Date of Award


Degree Type


Degree Name

Master of Education




Dr. Kathy Hibbert

Second Advisor

Dr. Cornelia Hoogland


This thesis explores, through autoethnography, how converging and often

conflicting personal roles come together to affect mental and emotional health, particularly for those who hold membership in multiple social categories traditionally viewed as disadvantaged (hooks, 1989; Brookes, 1992; Crowley Jack, 1991; Jacobs, 2005; Royal Commission on Aboriginal Peoples, 1995). The researcher used three different forms of narrative writing to elicit personal stories demonstrating how culture and gender interact in everyday life.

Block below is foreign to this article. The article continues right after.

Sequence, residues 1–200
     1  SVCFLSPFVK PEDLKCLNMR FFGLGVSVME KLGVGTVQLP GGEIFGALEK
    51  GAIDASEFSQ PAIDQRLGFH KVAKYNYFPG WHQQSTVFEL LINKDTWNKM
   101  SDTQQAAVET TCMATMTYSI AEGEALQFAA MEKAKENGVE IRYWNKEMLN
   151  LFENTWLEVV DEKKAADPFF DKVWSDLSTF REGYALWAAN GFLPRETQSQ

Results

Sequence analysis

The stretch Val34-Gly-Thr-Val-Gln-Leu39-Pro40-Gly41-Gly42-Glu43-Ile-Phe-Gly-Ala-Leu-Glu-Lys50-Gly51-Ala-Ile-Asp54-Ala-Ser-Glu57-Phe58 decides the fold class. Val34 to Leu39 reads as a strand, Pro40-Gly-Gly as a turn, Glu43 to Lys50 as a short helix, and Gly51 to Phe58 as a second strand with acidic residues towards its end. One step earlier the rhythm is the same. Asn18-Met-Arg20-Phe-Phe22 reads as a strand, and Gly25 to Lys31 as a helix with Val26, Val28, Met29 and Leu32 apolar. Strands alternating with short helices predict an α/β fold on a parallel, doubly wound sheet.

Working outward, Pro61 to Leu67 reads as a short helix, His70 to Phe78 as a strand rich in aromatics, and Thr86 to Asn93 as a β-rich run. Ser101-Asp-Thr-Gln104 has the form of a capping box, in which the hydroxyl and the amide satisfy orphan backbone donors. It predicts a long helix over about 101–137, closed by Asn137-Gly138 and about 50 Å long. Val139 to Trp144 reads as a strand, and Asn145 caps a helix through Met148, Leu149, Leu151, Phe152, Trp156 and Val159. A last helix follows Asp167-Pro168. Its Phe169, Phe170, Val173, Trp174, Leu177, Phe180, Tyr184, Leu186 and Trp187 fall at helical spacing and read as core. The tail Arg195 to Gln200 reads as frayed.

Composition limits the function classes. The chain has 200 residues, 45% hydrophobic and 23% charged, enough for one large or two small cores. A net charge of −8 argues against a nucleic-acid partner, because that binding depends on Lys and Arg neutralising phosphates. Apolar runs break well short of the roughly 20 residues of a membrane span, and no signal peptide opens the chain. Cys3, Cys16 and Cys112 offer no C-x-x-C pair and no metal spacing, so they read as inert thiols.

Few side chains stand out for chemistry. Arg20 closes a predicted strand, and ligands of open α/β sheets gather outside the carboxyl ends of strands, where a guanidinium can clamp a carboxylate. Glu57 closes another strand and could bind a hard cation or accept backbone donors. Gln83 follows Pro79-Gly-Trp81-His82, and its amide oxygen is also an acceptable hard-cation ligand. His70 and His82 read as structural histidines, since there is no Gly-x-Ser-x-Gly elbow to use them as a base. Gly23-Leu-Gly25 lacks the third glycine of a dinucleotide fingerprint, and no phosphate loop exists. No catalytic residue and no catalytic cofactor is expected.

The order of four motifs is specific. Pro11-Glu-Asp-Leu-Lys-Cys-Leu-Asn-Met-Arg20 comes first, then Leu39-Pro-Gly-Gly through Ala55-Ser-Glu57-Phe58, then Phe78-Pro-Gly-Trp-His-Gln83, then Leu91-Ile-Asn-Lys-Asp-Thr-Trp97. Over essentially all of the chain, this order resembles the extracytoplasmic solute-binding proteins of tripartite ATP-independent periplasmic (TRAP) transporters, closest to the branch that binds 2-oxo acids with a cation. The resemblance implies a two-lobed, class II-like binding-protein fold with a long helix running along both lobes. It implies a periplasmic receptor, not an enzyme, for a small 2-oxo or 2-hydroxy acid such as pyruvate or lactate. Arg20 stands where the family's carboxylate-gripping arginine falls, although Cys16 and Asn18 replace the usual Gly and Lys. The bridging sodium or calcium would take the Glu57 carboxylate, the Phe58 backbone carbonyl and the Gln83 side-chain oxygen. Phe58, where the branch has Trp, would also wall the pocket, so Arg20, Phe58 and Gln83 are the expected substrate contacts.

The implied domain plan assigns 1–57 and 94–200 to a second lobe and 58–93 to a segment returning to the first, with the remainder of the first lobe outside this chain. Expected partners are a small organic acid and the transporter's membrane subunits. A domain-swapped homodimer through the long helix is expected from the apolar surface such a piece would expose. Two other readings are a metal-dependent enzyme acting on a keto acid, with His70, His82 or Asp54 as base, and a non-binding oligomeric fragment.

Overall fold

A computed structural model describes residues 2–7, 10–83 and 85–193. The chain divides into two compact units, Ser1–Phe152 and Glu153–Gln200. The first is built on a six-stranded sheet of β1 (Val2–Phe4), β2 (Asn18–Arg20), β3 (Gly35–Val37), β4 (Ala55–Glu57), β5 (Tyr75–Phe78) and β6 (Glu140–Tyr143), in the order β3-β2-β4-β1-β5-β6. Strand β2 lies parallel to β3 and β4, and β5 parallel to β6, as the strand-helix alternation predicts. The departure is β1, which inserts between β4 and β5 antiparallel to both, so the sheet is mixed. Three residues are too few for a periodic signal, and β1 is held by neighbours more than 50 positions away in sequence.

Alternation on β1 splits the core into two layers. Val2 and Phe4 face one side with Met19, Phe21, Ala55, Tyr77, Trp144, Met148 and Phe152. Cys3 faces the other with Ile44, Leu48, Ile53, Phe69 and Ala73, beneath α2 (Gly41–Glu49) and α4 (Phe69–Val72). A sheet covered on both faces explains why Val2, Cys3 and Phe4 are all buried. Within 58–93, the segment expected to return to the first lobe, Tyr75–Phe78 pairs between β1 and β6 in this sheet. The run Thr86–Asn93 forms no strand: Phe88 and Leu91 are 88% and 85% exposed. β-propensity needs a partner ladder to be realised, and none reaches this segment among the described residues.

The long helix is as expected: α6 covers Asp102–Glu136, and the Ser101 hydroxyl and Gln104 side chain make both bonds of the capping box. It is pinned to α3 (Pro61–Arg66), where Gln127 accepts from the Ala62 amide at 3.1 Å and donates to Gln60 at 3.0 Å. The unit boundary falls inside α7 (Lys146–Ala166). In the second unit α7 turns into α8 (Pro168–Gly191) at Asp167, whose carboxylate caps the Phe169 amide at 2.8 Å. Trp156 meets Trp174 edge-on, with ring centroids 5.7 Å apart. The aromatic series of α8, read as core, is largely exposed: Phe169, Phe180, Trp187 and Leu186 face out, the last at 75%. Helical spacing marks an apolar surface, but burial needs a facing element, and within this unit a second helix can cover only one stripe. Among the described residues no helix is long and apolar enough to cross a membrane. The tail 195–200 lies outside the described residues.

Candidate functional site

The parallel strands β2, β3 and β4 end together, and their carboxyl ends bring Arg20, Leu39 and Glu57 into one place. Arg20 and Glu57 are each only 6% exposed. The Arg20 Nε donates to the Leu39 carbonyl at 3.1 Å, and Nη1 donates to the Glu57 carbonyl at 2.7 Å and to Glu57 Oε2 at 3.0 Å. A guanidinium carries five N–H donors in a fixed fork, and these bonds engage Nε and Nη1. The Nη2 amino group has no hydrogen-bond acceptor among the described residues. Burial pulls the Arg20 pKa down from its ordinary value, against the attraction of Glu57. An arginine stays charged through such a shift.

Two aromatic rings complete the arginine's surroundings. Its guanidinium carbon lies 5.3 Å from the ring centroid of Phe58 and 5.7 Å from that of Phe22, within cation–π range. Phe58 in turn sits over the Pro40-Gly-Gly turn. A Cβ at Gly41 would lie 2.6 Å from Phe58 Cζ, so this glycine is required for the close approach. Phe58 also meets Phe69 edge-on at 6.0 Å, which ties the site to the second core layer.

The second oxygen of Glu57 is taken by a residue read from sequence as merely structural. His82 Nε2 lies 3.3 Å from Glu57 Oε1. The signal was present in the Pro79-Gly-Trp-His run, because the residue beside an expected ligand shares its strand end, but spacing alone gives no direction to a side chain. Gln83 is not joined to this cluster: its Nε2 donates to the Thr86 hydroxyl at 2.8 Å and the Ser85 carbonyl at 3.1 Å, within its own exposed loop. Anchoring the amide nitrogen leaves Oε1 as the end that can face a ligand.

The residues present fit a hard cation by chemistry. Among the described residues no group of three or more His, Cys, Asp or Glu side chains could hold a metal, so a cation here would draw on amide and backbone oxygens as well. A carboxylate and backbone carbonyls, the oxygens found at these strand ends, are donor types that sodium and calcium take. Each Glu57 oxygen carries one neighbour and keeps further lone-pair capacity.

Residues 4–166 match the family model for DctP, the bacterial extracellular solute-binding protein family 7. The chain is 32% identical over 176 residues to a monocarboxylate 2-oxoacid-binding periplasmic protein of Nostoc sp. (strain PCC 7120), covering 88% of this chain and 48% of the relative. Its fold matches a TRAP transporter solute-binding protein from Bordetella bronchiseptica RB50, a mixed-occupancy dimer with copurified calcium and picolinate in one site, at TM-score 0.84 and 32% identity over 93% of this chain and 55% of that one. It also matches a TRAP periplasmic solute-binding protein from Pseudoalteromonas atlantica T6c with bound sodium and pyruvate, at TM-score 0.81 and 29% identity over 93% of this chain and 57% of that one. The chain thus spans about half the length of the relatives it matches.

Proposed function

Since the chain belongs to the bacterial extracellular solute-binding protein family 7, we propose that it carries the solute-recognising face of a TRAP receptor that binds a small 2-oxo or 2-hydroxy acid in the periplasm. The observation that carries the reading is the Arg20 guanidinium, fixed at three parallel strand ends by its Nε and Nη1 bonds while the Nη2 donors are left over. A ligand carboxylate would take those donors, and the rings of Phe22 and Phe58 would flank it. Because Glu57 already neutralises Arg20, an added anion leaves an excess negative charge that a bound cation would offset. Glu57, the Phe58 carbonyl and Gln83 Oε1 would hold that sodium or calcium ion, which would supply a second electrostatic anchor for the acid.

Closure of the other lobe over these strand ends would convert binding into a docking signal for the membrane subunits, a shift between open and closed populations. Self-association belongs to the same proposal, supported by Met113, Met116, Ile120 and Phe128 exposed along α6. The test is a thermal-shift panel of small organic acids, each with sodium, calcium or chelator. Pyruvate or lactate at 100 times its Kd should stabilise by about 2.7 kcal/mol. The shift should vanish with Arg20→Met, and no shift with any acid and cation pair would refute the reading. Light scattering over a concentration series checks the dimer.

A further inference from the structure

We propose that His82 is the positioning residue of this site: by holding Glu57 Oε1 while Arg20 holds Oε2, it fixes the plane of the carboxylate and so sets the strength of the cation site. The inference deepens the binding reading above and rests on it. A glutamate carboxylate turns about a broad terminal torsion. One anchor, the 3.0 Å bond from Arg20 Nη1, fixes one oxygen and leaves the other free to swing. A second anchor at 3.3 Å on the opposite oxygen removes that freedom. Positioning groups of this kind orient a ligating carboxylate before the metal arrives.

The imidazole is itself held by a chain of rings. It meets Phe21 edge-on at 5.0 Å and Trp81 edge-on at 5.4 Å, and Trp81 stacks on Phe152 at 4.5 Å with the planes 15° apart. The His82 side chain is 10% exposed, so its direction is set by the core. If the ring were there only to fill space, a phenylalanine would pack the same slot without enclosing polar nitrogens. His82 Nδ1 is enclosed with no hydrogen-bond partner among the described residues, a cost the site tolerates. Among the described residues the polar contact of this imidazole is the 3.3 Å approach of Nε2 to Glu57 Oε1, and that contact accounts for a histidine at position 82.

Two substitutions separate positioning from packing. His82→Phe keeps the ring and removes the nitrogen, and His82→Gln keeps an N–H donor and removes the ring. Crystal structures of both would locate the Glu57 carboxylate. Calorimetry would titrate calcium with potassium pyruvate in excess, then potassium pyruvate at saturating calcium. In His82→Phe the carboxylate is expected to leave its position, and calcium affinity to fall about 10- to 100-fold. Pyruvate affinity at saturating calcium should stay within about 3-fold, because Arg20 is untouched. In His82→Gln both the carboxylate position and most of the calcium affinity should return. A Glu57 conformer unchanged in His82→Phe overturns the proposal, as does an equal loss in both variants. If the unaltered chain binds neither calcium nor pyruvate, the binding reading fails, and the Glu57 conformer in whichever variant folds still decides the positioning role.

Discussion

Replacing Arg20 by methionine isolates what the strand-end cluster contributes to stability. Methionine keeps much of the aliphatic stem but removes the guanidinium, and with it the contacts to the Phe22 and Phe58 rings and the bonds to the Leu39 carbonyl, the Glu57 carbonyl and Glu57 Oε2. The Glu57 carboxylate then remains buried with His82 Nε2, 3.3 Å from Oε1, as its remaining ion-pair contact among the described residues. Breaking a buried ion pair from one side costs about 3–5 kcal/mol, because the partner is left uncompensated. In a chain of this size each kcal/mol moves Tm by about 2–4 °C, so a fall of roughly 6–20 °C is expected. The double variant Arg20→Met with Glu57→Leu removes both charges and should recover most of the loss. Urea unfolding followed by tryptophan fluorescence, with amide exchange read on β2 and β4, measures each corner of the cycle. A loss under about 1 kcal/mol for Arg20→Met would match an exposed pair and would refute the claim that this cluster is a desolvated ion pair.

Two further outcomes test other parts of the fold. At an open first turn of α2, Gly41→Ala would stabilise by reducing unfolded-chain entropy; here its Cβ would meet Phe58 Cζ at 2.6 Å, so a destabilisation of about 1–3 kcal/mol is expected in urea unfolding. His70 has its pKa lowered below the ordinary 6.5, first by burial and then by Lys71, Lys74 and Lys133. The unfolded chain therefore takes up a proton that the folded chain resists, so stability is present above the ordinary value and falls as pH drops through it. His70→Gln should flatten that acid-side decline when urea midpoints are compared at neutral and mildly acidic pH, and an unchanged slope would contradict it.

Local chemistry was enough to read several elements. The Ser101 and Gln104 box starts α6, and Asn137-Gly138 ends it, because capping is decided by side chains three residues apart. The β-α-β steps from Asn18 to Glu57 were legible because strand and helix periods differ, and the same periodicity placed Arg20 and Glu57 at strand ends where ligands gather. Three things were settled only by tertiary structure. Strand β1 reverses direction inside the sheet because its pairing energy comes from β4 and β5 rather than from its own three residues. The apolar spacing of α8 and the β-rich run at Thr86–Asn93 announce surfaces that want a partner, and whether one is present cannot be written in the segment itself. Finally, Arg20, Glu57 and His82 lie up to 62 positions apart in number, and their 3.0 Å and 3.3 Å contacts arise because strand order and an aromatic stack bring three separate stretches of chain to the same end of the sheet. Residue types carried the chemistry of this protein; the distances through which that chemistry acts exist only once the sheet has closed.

Once the data was collected, the stories were then analyzed for key excerpts that reflected the four identities: scholar, teacher, mother, Anishinaabekwe. Data was reduced using Chang’s autoethnographic analysis frameworks of identifying and categorizing relationships with others, as well as triangulating these findings by comparing the data against stories from other autobiographical accounts from both academic and mainstream published works (Chang, 2008). Findings that emerged from this analysis revealed a passionate inner ethic towards issues of social justice and equity that was complicated by the feeling of straddling the line between the “haves” and “have nots”. This resulted in self-imposed guilt and a sense of disenfranchisement when identities were not fully claimed due to false frameworks of comparing oneself to others.



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